Posted on

Walking tall: Hastings pier wins the Stirling architecture prize

Nicknamed The Plank, De Rijke Marsh Morgan’s stark wooden wonder – using timber reclaimed from previous fires – was praised for changing ‘the idea of what architecture is’

‘This pier,” said the Earl of Granville, when he opened Hastings Pier in 1872, “appears to me to be a peerless pier – a pier without a peer – except, perhaps, the unfortunate peer who is now addressing you.” Now, 145 years on, after a chequered life of spectacular fires and reincarnations of mixed success, Hastings Pier has once again been declared peerless – as the winner of the 2017 RIBA Stirling prize for the best building in the UK.

The structure is a far cry from the elaborate confection that impressed the Earl, a classic piece of seaside Victoriana designed by pier supremo Eugenius Birch, encrusted with twinkling lights and crowned with a Moorish pavilion. Instead, visitors to the seaside town are greeted by a stark wooden deck thrust out over the sea. Nicknamed The Plank, it eschews the usual kiss-me-quick seaside clutter (plenty of which can be found further along the beach), in favour of a neutral platform to host a range of different activities. Well supplied with electricity and other services, it is a blank canvas for the lively programme of bouncy castles, carousels and concerts. When not in festive mode, it is a powerful expanse, a place that is free to enter where you can hover above the water, inhale the sea air and take in the epic views.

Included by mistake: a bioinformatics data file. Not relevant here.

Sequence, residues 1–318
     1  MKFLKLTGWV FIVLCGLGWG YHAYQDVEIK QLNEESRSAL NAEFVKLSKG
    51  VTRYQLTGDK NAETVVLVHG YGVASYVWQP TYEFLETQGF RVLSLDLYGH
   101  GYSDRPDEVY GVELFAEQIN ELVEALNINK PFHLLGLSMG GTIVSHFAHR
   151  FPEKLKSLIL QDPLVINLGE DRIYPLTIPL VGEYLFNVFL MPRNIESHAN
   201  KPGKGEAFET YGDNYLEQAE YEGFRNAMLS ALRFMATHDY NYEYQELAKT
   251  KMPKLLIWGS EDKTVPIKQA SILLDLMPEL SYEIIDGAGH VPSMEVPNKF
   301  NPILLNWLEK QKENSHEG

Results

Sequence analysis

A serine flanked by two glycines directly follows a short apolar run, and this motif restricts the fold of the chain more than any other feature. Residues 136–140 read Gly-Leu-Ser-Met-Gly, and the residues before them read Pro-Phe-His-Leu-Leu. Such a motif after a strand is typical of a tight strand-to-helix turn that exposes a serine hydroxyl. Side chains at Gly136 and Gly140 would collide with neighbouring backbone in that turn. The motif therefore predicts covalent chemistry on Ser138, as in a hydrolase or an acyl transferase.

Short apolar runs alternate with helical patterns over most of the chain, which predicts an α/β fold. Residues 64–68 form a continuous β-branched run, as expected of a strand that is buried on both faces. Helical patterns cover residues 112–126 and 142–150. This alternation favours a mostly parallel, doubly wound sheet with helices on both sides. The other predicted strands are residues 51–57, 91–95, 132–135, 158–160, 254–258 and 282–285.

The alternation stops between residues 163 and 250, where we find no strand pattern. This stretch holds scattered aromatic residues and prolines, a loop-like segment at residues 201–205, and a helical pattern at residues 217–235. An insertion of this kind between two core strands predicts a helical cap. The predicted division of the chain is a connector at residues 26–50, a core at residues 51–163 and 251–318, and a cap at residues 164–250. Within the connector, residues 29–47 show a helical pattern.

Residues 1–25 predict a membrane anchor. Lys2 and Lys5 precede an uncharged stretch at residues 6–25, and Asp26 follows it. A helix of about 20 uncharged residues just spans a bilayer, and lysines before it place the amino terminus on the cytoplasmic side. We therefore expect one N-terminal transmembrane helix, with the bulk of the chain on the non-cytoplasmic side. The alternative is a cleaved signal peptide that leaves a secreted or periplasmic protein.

Continue reading…

Posted on

The parent trap: how travelling forces you to address the generation gap | Johanna Leggatt

Nothing prepares you for how rigidly parents will adhere to old habits even as the world is screaming at them to change

Are we there yet? Travelling with parents is not for the faint-hearted.

When you go home for Christmas, a kind of emotional regression takes place. You could be 40 – 50 even – but something about being back in the family home and sleeping in your old childhood bedroom casts you into teenage petulance. You feel like an adolescent again and you start behaving like one.

Continue reading…